In the first installment of this series, I introduced my fourth-great-grandfather, Hiram Scott, who died in New Orleans while serving in the Union Army during the U.S. Civil War. This Memorial Day, I want to honor his memory by learning as much as I can about him, with a eye towards uncovering his birth family and his early life. If you haven’t yet read that first post, you should read it now before continuing with this post.
In this second post in the series, I’ll lay out, examine, and document everything I know about the life of Hiram Scott, so that I’ll have a broad base of information to use when evaluating potential evidence for Hiram’s early life and birth family. Continue reading →
Ninety-five years ago today, on the eleventh hour of the eleventh day of the eleventh month, an armistice was signed with Germany to cease fighting the Great War. One year later, on November 11, 1919, President Woodrow Wilson declared that the day would be called Armistice Day, to honor those who fought in World War I. More than three decades later—after the “war to end war” gave way to World War II and to the Korean War—the holiday was renamed Veterans Day, and was intended as a day to honor all veterans of the U.S. armed forces.
In today’s post I’d like to honor all of my family members who served in defense of our country.
Martha Syndé (born Martha Nilsdatter Hilme) is my 5th great grandmother (on my McMurry/Bailey side). She was born in September, 1784, in Aurdal, Valdres district, Oppland county, Norway. She was one of at least two children born to Nils Jørgensen Ringsåker (1753–1830) and his wife Ingebord Olsdatter Ulnes (1751–?), the other known child being her older brother Jørgen (“Jørn”) Nilson, born in August, 1778.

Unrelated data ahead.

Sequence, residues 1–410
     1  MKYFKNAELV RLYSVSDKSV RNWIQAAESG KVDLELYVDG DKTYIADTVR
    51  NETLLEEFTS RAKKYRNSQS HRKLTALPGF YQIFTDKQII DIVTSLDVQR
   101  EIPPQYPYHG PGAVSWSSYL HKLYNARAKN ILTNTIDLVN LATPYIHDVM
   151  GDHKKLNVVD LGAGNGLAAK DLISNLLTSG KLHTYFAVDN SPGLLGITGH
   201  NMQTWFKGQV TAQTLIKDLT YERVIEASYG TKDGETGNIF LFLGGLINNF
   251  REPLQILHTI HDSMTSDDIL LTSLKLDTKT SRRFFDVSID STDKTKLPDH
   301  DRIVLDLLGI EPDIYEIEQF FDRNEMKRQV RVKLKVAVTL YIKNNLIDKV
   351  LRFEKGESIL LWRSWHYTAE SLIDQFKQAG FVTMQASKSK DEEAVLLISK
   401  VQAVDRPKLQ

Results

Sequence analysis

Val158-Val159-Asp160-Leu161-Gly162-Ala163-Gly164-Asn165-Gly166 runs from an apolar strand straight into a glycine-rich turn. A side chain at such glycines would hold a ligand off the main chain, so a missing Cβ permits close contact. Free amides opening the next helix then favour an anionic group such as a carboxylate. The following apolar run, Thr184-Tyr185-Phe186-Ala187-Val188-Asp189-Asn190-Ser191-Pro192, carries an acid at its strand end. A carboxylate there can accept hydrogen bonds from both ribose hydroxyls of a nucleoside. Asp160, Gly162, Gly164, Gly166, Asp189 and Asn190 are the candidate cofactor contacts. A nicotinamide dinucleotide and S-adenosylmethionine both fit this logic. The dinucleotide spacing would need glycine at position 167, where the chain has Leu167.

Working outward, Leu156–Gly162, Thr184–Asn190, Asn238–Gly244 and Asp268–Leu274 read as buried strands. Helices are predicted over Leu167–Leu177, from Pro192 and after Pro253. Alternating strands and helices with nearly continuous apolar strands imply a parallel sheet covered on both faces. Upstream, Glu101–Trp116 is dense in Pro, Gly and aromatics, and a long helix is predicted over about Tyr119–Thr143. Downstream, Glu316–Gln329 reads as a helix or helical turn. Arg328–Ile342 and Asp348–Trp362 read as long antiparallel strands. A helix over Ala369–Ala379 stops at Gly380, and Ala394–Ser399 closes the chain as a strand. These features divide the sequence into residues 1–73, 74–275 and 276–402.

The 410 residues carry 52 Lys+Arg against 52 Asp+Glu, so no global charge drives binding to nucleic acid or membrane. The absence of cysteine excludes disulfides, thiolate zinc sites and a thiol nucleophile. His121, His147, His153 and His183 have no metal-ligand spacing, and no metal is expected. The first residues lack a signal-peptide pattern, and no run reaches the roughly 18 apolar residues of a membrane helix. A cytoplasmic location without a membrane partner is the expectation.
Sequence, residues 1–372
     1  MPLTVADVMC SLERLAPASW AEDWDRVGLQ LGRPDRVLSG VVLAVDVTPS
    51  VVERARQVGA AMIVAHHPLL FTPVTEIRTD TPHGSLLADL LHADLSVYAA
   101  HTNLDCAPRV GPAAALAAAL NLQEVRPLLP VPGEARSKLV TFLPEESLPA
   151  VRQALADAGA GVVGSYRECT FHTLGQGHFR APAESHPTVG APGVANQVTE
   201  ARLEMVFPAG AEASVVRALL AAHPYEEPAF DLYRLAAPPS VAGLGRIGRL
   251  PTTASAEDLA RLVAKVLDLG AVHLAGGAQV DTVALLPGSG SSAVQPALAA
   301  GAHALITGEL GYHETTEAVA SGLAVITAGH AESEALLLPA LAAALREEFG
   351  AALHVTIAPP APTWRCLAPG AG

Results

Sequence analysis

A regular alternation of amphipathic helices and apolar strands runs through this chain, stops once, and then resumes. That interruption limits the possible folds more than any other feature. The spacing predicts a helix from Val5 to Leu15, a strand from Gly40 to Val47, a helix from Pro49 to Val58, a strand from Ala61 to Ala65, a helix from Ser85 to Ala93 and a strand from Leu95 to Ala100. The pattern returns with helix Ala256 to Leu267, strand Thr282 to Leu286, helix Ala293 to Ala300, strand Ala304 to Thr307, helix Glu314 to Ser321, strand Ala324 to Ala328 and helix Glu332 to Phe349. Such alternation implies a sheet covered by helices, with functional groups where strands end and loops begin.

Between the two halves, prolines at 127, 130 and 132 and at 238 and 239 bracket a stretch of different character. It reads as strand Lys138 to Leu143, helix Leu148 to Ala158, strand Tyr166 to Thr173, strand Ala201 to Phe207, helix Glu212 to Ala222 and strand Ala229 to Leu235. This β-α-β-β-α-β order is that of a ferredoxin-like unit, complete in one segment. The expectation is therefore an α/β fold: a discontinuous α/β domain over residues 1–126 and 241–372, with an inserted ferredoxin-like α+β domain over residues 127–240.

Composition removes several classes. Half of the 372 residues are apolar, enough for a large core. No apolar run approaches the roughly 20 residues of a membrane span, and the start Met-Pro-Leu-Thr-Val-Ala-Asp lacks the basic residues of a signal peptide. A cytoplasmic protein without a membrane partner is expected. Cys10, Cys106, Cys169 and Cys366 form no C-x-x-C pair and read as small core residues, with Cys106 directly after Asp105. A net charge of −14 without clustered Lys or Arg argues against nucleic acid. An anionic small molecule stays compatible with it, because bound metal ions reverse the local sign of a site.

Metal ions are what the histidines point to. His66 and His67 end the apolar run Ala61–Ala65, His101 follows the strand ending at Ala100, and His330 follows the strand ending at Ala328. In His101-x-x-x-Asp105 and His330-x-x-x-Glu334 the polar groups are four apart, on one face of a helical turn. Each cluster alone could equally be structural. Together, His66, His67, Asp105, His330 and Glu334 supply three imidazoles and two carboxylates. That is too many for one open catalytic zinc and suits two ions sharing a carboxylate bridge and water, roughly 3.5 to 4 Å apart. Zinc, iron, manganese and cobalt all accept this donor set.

Martha eventually lived to be 85 years old, she had 40 grandchildren, she sailed to the United States when she was 65, and she was the matriarch of large Norwegian-American family whose descendants did, and still do, appreciate this remarkable woman, born almost 230 years ago.
Given her stature in her family, and the fact that she lived well into the age of photography, dying on September 13, 1869, I would expect that there were several photos taken of her. Despite that, I know of no surviving photographs of Martha Syndé. To those cousins who may be reading this, please let me know if you know of, or have, a photograph of Martha.